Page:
Let's not rush it; rather, let's enjoy each stage while it lasts.

Besides, God-willing, there'll be plenty of time for that other stuff later.

:o)

'Til next time,
Joan

3 comments:

Mary said...

I'm so glad you said all those things about Pinot being just a puppy. Our lab is only 7 1/2 months old but everyone thinks she is older because she is big. There are times I have to remind myself of the same very fact that she is just a puppy. Why do we always want to rush our kids to grow up? If I had the choice, I would totally go back and be a kid again....if nothing else, just to play in the mud!

LostinScotland said...

Joan...I know what you mean....my mother reminds me, lovingly, when I complain (at 44), "ain't it crap getting old." Wait a minute...I was 25 just the other day.

I ached when I read that a 10 year old out west, perhaps Washington State, is practicing as a vet technician. I cringe that she wants to play in an adult world when all she should care about is having a good time with her friends and relishing childhood dreams. I then asked, if that 10 year old can be an adult, does that mean I can relinquish my adulthood and go back to being a child. (Here the voice of my mother intercedes and says, "Are you not a child 85% of the day?") I miss those moments. I miss those days when I could just play. Be outside, enjoying nature. Skirting the edges of a stream in western Pennsylvania, looking for cray fish, frogs, and such. I miss playing in the fall leaves, building mud pies, 'witches' brew (a connoction of mud, berries, conifer needles, and anything else we could find), drinking lemonade under the shade of our apple tree, building snow forts and having snow ball fights, building the ultimate snow man.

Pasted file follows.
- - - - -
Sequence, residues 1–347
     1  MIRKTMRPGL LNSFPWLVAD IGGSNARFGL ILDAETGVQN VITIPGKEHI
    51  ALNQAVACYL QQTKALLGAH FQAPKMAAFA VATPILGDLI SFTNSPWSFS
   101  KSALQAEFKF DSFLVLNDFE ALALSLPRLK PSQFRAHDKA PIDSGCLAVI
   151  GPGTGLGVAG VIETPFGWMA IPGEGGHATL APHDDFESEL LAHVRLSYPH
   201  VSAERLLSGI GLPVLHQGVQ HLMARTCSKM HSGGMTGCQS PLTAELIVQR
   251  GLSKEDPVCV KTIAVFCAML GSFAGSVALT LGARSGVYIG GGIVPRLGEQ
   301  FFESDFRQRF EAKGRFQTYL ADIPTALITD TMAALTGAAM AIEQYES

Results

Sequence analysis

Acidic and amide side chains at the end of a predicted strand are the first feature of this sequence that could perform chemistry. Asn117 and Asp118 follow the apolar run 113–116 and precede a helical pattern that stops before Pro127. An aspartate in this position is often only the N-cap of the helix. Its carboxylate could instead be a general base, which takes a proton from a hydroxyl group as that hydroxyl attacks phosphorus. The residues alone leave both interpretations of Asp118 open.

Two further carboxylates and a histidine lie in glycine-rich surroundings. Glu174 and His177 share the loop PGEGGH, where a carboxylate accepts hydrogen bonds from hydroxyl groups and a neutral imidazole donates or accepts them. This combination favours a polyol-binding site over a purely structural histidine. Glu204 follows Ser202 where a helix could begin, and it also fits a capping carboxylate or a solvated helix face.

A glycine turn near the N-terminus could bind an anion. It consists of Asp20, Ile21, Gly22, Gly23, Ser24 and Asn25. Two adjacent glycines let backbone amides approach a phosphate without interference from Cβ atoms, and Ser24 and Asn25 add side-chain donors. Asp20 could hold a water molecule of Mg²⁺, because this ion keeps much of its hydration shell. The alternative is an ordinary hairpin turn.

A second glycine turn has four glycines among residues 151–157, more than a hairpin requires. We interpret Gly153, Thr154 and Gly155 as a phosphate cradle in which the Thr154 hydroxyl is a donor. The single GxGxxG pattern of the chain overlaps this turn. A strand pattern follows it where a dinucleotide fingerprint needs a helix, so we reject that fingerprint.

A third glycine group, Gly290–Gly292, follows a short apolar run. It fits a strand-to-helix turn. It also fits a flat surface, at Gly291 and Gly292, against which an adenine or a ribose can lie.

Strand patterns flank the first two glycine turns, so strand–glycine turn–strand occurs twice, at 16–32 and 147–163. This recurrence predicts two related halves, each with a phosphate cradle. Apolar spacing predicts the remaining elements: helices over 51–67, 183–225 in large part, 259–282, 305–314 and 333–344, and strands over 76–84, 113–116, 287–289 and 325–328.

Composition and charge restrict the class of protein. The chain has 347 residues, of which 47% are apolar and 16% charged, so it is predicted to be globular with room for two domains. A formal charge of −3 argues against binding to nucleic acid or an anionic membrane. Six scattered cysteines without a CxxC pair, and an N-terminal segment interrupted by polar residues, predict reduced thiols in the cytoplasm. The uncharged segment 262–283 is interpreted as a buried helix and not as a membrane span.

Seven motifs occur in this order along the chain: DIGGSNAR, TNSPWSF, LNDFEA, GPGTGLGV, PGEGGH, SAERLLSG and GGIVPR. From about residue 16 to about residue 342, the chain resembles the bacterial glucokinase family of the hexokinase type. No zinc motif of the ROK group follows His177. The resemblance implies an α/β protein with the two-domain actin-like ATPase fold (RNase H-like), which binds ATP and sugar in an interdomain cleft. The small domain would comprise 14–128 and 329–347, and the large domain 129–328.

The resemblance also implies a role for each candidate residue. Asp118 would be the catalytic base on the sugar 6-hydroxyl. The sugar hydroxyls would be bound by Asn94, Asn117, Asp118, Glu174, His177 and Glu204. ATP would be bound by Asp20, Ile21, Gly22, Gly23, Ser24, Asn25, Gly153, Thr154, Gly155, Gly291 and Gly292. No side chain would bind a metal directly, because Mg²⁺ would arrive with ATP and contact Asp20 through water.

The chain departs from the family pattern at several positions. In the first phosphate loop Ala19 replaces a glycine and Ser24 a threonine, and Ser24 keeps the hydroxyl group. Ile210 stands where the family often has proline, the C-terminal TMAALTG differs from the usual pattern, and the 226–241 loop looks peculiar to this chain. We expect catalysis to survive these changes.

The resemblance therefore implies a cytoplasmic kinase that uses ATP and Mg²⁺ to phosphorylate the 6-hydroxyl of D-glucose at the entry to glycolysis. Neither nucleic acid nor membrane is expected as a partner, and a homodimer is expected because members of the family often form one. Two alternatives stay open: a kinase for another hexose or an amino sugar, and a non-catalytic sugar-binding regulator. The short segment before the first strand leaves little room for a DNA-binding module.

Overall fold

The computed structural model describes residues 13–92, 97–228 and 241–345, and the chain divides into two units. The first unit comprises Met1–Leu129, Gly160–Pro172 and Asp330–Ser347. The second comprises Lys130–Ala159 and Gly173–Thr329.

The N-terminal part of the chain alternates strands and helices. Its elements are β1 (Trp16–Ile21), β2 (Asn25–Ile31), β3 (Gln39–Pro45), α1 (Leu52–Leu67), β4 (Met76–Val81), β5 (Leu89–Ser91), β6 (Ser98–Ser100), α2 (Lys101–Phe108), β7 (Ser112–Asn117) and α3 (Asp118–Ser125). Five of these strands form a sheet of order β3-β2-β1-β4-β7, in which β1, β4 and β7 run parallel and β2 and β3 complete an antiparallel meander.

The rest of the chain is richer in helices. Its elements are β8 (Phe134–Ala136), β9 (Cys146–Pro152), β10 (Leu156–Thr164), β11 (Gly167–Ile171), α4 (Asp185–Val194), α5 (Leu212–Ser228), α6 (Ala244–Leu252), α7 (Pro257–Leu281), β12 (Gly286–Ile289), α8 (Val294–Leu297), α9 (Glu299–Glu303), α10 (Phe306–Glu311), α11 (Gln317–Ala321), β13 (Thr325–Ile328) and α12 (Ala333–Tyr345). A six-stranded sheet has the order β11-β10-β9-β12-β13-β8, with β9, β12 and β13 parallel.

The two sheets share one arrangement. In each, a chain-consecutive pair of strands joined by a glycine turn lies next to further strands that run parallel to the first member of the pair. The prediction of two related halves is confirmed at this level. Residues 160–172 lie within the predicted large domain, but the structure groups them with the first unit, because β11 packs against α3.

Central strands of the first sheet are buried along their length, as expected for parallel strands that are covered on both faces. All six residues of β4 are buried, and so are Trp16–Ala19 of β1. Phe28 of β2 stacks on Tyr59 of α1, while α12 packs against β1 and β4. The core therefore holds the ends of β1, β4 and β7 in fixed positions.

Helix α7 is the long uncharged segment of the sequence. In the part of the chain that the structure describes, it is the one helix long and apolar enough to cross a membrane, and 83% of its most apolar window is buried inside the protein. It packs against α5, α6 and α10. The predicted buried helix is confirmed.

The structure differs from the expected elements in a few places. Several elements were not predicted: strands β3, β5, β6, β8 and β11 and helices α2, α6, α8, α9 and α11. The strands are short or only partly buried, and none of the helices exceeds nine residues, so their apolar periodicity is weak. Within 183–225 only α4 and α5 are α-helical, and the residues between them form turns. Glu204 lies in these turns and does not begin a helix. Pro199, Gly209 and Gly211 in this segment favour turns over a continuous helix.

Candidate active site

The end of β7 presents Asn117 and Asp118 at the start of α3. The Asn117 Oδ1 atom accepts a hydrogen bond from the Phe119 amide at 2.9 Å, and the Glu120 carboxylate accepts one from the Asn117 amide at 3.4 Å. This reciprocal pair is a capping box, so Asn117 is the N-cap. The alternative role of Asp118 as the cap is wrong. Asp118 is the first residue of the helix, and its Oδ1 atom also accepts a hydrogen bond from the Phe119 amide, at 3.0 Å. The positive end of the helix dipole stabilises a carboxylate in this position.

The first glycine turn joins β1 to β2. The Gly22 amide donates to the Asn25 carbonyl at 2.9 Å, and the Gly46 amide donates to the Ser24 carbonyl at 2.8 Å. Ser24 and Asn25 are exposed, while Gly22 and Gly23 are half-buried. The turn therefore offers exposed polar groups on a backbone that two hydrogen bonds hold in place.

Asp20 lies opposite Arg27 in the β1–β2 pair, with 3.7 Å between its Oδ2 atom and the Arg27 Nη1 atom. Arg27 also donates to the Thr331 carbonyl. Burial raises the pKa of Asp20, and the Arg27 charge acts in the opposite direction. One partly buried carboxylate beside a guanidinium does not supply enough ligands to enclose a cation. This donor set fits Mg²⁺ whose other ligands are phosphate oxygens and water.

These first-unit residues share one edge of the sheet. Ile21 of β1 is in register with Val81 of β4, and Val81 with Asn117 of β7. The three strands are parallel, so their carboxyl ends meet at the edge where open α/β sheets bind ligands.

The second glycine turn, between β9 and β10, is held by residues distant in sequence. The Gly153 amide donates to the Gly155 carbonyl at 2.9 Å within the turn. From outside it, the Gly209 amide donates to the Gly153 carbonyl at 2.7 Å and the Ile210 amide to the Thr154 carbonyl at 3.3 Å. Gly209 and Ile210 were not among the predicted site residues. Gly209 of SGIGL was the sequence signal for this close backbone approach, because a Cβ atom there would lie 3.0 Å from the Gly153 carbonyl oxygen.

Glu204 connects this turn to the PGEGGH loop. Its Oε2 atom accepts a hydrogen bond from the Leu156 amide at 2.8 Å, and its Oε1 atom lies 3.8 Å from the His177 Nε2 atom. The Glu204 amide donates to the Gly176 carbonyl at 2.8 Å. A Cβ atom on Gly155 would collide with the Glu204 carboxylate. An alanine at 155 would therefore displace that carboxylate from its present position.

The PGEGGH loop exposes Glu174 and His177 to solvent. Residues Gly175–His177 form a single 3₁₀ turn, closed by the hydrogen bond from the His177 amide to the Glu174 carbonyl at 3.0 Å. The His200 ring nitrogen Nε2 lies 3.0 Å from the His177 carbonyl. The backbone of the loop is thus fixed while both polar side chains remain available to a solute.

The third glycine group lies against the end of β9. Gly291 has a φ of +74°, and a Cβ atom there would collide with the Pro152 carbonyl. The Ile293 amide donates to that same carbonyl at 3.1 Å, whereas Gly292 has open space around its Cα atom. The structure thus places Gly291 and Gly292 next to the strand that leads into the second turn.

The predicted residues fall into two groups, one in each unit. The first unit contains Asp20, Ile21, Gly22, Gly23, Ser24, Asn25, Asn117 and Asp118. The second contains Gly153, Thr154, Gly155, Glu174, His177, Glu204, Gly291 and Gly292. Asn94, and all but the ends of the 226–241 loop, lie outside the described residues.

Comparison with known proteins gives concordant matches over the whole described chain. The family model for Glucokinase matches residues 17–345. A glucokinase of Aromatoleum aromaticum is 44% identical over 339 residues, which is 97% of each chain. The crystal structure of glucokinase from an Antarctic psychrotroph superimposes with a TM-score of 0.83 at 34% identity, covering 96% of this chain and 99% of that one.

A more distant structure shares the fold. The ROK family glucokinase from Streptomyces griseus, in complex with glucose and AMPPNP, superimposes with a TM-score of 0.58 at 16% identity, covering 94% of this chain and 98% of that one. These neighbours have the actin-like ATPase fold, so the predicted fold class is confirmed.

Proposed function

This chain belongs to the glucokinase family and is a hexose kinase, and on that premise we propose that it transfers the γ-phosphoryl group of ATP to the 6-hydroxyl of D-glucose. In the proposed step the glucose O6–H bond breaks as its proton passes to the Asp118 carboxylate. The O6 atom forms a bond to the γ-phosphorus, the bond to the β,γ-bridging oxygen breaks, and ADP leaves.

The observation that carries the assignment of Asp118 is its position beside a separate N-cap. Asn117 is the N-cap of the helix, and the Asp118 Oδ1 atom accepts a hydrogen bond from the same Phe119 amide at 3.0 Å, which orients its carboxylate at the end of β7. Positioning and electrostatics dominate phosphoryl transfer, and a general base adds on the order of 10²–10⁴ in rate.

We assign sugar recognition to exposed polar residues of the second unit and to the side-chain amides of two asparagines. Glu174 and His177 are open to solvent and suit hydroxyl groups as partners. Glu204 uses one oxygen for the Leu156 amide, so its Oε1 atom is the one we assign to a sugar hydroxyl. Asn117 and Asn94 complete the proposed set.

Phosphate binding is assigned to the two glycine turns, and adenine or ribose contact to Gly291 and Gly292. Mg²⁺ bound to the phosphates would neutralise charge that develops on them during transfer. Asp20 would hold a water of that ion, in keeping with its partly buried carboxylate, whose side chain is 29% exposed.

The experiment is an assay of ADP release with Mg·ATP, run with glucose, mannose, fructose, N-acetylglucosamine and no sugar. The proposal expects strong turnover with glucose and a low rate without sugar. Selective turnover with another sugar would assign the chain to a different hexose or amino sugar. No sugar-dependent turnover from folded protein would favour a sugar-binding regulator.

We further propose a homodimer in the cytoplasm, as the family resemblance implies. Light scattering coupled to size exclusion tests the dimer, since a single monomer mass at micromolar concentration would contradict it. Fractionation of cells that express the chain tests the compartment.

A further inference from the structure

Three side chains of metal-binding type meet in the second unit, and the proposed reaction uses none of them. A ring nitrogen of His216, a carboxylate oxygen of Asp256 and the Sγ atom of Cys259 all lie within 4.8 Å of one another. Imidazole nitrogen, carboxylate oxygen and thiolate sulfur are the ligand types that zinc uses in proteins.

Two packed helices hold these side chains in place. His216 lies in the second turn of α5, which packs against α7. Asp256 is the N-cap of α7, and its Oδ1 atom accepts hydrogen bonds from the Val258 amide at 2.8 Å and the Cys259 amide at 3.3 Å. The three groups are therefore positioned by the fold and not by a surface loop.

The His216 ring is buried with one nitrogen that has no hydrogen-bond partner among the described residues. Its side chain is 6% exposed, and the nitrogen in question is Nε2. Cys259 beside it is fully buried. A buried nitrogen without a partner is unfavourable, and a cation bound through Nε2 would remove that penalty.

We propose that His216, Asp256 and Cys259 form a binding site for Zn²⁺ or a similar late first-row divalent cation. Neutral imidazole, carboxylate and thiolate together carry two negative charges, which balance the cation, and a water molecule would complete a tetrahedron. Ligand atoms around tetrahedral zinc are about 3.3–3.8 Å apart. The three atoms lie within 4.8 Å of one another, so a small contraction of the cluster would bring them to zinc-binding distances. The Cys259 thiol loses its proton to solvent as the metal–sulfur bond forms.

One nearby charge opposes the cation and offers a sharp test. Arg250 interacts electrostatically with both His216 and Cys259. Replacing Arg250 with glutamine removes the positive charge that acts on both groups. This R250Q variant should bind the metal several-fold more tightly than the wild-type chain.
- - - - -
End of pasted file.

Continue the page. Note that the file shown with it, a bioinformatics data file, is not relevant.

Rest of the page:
How will that 10 year old be when she reaches her maturity? Will she be burned out and whinging about her choice; a choice I think is admirable but well, at her age? What will happen when she hits the preverbial wall of responsibility in her 'profession', when she has to euthanize an animal? How will she handle the emotional struggle? I could not do something like that at her age. I just don't know. I don't know whether to be sad or happy. Does she really know what she wants? And no I don't think this is like Mozart or other child prodigies. Similar but not the same.

I know a long post. I really enjoyed your post. Relish those days of puppyhood for both Kenya and Pinot.

Joan said...

Mary... ahh... so true. We all have to remind ourselves not to rush things. Me included.

LostinScotland -- how sad about the little girl in Washington state who already seems to have her life figured out (does she really?). What pressure for a 10-year-old! Our culture here in the US, with it's driven athletic programs and push for specialization (yes, Junior High kids are supposed to know what they want to major in college in now!), has lost sight of the benefit of play and exploration. We lose something when we dismiss childhood and childishness. What about the benefits of play or the infinite worlds of imagination?

It seems the older I get, the more I'm learning appreciate puppyhood and childhood and slowing things down a bit.

I so agree with your observations. It's great to hear from you.

J.